A negative axle offset tends to move the deck upwards when the rider leans, but that’s only if (and as long as) this offset brings the center of the axle (the green points in the pictures) forward the point where deck plane and pivot axis intersect (the yellow points in the pictures). In other words, only when the following conditions are satisfied: negative offset, high pivot angle, low deck, first few angles of lean. Then the deck starts dropping again. What does this mean? In practice, not much. It has been argued that the initial rise could provide a natural resistance to the turn and a return-to-center force, but I believe that this force cannot be enough to be effective or even perceptible. Unless and until somebody actually bothers to do the physics on all this, it will remain a debatable conjecture. In sum, it’s plausible but improbable that the rise is a return-to-center force of a magnitude comparable to bushings or springs. But it does provide a different feel to the ride. (That might account for what TKP aficionados call the “dive,” since the deck starts dipping down again once the yellow point reaches the green point. However, my preferred theory for what “dive” means is explained in this post. In any case, the meaning of “dive” is moot and too esoteric for my taste.)
Trail is perfectly well defined in the wikipedia article on bicycle geometry. For skateboard trucks, the adaptation could be: trail is defined by the pivot axis and the contact points of the wheels with the ground. If this axis intersects with the ground on a point (the purple point in the picture, where the skateboard’s direction is leftwards) ahead of the point where the wheels touch the ground, then the trail is positive. The explanation why trail is important is trivial. A positive trail helps with stability, a negative trail doesn’t. Is it perceptible or even important on a skateboard? The jury is out until someone does the actual physics on this. Also, if you imagine the extreme, where the pivot axis is far behind the wheels’ contact patch (e.g. inverted rear trucks), does it make sense to think there’s a high risk of unpredictable turning? Not really.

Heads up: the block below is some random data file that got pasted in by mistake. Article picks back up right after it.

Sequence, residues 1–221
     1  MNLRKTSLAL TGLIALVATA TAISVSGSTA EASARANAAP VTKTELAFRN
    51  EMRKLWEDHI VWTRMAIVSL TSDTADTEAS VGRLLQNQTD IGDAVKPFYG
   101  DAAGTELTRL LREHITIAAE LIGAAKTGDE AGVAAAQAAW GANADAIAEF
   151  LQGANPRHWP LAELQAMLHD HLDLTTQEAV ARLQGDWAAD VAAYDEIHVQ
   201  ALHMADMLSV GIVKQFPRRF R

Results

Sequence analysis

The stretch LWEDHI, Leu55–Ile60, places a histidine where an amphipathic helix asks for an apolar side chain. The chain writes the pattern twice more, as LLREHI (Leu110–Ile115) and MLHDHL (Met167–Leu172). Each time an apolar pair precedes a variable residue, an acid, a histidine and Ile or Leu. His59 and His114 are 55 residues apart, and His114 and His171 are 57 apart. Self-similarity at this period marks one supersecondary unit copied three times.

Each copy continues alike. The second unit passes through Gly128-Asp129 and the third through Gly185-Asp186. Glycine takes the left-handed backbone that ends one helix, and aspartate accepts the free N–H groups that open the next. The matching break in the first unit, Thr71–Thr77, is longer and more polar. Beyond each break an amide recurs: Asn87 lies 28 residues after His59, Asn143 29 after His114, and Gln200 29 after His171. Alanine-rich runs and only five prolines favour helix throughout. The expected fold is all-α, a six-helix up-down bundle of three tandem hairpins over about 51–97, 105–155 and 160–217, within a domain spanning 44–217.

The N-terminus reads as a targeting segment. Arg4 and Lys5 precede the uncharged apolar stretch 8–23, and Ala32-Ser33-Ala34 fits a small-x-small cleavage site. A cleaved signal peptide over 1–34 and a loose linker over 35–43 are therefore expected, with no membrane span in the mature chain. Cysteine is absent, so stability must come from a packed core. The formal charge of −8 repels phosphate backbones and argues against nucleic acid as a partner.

The only question that I can answer is: is positive axle offset enough to secure positive trail? No, it’s not. A sufficient amount of positive offset is needed for a positive trail. The picture will make this clearer. Even though the offset is positive, the trail is negative.
Wheelbase and pivot axis angles
The PA angles of the two trucks along with the deck’s wheelbase determine the board’s turning radius for a given tilt of the deck (with a minor influence by the aforementioned lateral and vertical motions and also the small change in wheelbase when they turn). I’ve written about this in this article, because just a paragraph here wouldn’t be enough.
Angle between kingpin and PA
Finally, there’s some significance to the angle that relates the kingpin (KP) with the PA of a truck. However, this angle has no impact on the geometry of the truck (i.e., insofar as only the way that the deck moves is concerned), but on the physics (i.e., it has an impact on the amount of compression of the bushings for a given turn of the hanger). I talk about that in this post, so I will finish this article here.
If needed, a more technical version of this article, incl. formal proof and formulas, is here.